ISLAMABAD (Reuters) - Pakistan will reduce the number of international flights into and out of its airports by 80% to help curb rising COVID-19 cases, the government said on Saturday.
The restrictions will come into effect on May 5 and will run to May 20, Pakistan's Civil Aviation Authority said in a statement, though it did not specify which flights or destinations would be affected by the measure.
The controls will be reviewed on May 18, the government said in a statement endorsed by the National Command Operation Center (NCOC), which oversees Pakistan's response to the pandemic.
The restrictions will be applied to chartered and private flights as well as scheduled services.
All international passengers upon arrival at Pakistani airports on remaining services would be required to undergo rapid antigen testing (RAT) and will also have to show an RT-PCR test conducted within 72 hours before boarding a Pakistan-bound flight.
Passengers with a negative COVID test will still undergo self-quarantine at home for 10 days, and those found positive will be shifted to a self-paid facility for the same period of time. Inbound passengers will also need to download an app on to their phones to help monitor their movements.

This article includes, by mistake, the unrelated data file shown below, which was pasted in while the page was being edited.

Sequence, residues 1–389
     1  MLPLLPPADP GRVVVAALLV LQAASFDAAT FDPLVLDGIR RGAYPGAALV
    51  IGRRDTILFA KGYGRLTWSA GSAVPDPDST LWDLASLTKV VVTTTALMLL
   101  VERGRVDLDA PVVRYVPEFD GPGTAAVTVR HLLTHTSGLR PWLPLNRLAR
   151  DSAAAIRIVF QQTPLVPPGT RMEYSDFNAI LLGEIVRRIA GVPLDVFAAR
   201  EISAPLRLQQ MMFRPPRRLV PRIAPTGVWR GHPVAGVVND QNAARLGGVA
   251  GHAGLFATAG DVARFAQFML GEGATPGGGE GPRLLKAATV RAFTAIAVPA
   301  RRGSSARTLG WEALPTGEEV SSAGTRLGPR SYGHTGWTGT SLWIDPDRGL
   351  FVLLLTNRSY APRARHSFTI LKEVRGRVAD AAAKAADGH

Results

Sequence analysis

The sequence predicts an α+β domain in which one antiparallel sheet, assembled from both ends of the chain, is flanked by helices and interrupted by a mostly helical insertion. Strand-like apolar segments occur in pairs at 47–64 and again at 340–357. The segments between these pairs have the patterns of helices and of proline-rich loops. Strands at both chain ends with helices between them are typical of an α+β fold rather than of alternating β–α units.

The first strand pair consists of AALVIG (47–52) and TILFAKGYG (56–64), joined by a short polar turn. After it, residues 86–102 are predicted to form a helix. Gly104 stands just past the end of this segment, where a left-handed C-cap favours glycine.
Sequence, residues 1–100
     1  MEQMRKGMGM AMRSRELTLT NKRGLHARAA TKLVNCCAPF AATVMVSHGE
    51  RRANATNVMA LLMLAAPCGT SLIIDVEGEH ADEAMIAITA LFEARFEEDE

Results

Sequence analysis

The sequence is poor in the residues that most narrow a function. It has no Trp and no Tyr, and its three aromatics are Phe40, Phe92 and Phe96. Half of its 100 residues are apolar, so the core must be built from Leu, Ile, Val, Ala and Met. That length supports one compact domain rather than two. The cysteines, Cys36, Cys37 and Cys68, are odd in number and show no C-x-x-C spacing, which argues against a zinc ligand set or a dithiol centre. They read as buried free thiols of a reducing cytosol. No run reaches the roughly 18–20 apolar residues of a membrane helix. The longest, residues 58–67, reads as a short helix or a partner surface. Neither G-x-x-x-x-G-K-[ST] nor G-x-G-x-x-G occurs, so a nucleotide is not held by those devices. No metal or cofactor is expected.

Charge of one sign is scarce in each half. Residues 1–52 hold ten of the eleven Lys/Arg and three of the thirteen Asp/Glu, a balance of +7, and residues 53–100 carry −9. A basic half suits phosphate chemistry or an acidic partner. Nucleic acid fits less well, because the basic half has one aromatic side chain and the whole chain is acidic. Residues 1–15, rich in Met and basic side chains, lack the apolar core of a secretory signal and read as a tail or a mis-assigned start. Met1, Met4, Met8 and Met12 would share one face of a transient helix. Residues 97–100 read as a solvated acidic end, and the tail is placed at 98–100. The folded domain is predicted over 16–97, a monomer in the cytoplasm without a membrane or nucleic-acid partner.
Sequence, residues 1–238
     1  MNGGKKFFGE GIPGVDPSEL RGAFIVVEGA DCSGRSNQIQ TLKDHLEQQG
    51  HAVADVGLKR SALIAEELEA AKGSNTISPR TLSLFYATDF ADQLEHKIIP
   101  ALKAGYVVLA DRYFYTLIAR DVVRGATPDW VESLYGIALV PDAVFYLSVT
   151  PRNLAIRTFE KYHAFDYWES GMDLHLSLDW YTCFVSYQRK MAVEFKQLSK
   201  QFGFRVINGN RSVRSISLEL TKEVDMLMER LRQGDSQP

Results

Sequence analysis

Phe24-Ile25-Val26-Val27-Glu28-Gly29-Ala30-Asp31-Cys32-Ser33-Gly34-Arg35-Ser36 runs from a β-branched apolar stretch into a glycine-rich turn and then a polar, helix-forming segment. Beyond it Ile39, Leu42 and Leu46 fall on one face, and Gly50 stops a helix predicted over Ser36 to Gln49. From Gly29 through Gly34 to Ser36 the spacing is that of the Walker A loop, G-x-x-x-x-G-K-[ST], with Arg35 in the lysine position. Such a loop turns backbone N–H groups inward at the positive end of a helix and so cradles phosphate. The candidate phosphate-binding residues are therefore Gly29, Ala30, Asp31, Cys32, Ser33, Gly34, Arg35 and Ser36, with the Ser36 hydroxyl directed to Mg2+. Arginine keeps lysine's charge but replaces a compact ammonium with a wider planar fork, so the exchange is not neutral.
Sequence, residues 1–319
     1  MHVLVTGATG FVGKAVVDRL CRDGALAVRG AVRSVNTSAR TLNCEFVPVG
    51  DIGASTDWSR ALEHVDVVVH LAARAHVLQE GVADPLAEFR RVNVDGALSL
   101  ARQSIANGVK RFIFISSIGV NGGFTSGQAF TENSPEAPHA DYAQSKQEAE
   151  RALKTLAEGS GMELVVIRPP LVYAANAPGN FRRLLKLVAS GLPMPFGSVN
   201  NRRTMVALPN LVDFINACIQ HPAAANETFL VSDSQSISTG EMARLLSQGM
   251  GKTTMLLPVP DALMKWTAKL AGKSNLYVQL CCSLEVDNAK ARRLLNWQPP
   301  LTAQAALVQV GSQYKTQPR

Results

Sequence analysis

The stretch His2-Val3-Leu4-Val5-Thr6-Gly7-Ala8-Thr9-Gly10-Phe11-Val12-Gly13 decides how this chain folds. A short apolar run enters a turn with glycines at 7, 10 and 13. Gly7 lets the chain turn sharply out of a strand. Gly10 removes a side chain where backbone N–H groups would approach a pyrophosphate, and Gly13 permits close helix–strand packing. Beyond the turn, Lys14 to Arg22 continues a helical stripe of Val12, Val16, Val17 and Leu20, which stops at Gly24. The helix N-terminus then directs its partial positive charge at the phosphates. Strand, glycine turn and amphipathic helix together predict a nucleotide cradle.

There will be exemptions on these controls for children younger than 12 years old, disabled persons, high-level international dignities and Pakistani deportees.
Pakistan has seen record deaths in recent days from the coronavirus and stricter restrictions on movement and gathering in public are planned for the upcoming Eid holiday, though the level of infections has not yet reached the level in neighbouring India.
Officials are worried the country's healthcare system, already under strain, could reach breaking point if more contagious variants of the virus begin to spread, as has happened in India.
Pakistan reported 4,696 new COVID-19 cases in the past 24 hours and 146 deaths.
(Reporting by Charlotte Greenfield and Asif Shahzad; Editing by Richard Pullin and David Holmes)